The joke we share in the shop where I buy my morning paper
has either YT or Tarzhoun asking me “How are you ?” and me answering “ I’m fine thank you – I haven’t read the paper yet !” And we laugh, what else. Because the news is depressingly repetitive – but if the world is going to end, I’ll like to know when via a conduit more reliable than social media. And bad news gets to you – mindless destruction, endless upheaval and suffering, bluster, bombast and denial, the spiralling costs of everything.
I saw one of my “meet in the street” friends the other day, not as chipper as usual. In fact, she was sitting in one of M&S’s thoughtfully provided chairs. So we did all the courtesies, having not seen each other for a while, and I asked how she was. “Not so good” she said. And it transpires that she has a heart condition which has proved hard to diagnose so “they just keep trying me with different drugs” she went on. “And most of them make me sick.”
I sympathised, I know somebody else in a very similar position.
As gently and tactfully as I could, I inquired to be sure that there were people she could call. She does, thank heaven. And then in our ensuing conversation I told her that, the other day, I said aloud something I have not thought before, let alone spoken: I have lived too long. “Oh” she said, “I couldn’t agree more. Tell me where to get that train ..”
And I was back in my childhood with the refrain of one of the songs Paul Robeson sang “… the people keep a-comin’/ and the train done gone.”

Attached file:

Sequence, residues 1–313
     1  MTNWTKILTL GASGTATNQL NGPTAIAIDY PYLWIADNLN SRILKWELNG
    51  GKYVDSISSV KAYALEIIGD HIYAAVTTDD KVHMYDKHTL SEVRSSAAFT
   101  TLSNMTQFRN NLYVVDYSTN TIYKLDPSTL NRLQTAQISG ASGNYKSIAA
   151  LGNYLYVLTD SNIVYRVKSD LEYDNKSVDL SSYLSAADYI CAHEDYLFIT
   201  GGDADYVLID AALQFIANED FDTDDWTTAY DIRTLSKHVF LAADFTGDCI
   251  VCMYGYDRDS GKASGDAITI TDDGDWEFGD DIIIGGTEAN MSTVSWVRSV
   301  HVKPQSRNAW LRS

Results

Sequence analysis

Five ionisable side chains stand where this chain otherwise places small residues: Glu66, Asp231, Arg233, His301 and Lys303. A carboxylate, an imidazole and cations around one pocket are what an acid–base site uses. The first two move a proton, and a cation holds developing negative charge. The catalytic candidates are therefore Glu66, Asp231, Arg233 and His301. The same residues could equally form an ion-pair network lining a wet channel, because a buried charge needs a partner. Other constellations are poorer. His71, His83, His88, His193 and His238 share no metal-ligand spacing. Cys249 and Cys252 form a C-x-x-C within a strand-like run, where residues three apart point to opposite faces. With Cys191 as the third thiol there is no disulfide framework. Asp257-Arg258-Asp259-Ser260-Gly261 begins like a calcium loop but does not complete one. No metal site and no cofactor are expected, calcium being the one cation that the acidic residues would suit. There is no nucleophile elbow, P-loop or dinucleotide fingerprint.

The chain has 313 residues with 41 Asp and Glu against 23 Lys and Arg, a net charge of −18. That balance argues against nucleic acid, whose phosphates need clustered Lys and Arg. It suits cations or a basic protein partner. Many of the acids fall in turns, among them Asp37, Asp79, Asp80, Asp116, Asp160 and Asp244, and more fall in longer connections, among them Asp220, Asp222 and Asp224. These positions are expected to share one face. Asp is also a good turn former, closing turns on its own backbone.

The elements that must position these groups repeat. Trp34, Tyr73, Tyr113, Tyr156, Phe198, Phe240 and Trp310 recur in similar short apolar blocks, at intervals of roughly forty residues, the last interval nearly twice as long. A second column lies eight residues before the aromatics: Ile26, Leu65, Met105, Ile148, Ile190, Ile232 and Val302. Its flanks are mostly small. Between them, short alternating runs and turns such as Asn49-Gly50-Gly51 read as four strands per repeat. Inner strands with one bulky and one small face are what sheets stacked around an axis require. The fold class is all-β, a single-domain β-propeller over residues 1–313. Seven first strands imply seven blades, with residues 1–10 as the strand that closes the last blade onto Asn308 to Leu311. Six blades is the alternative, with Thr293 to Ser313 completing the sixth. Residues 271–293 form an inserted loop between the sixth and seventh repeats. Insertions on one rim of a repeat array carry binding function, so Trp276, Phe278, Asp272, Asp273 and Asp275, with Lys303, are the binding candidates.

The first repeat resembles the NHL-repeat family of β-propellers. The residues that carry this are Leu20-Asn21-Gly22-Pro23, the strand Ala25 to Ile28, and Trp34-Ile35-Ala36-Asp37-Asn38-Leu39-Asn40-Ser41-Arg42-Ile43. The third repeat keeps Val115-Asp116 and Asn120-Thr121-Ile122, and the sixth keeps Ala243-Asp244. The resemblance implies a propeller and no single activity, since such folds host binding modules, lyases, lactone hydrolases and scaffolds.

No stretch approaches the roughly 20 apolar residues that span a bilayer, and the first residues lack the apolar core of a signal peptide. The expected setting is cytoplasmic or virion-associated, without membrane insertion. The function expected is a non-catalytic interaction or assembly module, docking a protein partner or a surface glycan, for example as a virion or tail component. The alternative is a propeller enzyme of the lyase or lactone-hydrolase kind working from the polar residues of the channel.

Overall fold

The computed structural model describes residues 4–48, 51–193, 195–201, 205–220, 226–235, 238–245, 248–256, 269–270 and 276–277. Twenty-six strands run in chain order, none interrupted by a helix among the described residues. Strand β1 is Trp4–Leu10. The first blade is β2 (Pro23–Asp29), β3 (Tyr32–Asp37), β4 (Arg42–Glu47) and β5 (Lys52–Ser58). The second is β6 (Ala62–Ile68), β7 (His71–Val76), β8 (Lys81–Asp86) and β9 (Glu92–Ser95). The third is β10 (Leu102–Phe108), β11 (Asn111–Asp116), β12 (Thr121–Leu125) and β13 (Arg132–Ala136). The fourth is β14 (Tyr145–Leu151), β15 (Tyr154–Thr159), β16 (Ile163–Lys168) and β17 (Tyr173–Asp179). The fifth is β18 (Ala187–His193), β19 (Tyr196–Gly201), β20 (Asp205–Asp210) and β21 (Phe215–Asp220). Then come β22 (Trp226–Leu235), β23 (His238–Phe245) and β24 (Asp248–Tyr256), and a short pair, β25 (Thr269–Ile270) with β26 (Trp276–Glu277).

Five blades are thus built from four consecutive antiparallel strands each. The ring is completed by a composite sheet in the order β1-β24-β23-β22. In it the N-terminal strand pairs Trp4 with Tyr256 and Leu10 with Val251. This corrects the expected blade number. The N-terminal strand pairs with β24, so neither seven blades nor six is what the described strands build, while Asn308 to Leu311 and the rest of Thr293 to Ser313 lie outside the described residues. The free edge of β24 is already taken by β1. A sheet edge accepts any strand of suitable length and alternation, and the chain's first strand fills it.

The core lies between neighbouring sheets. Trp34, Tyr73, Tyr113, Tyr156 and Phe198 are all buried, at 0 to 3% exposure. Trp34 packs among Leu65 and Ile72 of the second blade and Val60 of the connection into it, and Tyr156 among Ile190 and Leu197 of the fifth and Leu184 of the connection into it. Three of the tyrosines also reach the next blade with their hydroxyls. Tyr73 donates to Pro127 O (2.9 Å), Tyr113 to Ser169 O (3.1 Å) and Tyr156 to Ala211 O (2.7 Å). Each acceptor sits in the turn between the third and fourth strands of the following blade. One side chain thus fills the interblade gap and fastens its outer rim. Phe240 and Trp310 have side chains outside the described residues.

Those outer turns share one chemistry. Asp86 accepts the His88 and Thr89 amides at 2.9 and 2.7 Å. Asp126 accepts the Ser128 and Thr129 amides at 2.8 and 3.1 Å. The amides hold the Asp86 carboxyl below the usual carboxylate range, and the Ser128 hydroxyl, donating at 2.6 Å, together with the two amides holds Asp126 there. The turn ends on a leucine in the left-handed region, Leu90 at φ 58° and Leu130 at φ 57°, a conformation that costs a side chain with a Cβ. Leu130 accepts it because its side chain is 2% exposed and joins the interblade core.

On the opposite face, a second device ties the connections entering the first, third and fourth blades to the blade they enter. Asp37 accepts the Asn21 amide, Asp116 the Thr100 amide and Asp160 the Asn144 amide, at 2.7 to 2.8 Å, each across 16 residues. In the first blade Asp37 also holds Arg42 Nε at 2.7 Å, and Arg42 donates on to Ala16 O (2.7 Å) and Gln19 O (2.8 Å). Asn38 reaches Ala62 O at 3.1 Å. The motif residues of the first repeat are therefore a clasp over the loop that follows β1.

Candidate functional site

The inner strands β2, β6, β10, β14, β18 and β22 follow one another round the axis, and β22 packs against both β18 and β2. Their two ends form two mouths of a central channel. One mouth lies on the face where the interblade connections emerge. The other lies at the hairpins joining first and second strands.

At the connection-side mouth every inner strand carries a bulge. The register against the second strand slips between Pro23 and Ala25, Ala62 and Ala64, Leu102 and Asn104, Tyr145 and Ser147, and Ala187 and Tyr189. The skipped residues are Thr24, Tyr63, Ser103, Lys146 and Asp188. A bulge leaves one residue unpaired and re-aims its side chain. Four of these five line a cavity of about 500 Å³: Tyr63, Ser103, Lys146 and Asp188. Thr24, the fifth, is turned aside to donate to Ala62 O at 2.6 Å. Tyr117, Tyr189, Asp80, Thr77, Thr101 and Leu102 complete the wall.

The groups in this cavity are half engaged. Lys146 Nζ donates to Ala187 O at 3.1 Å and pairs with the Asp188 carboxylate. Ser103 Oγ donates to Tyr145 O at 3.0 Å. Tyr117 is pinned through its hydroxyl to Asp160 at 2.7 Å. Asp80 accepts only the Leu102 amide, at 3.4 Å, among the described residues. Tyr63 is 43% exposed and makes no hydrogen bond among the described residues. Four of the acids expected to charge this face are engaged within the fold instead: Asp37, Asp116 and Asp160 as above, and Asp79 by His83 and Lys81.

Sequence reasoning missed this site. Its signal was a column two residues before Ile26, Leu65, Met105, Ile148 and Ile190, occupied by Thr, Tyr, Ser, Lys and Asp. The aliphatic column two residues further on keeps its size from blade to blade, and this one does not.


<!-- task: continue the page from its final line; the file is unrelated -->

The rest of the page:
Robeson’s voice was unique. He was brave and angry and intelligent, stubborn and flawed. And the American government of the day drove him to ill health and death because of his political views. Interesting, isn’t it, that they call it a blacklist ? I have mentioned his name twice recently to young people of colour – not a clue – so this morning I looked him up before I began to write.
And then I looked up the refrain of the spiritual I remember which – I had not expected to find this – interpreted the metaphor of the train – as a new way, a form of transport that could take you away from darkness into light, was fast and powerful. I was quite thrilled.
The reference listed several other songs on the same theme, harnessing something new to better, like Curtis Mayfield’s anthem “People Get Ready”.
When my sister was studying meteorology at Prestwick, she used to come home to spend a few days, collect her clean laundry and go back. We saw her off at the station and I can still remember the enormous coal black express, the noises it made, the steam, the lights – which, like some great benign and mysterious beast bore her away, just as it brought her back again. Years later, I fell in love with the zoo train in a Disney cartoon of the 1940s called Bongo the Bear, in which, facing a steep incline, he puffs “I think I can, I think I can…”
until he gets up what the lyrics of Rock Island Line call “a little bit of steam and a little bit of speed.”
Getting on a train essentially meant getting out of where you were at the time, as fast as you could and the implication is, if you are going to do this, where you’re going must be better – you must believe it will be better.
This week an old acquaintance got in touch, I haven’t heard a word or whisper for ten years. And does he tell me about his new life, a place in a new world ? No. But he told me a whole lot about what went wrong in the old one about which I could do nothing at the time and even less, ten years on.
I am wary of “forgive and forget”. I believe in remembering – but how you remember is pretty important. There are ugly things that will never go away. You have to make sure for every ugly, there’s a beauty – or the ticket is extortion and the train done gone.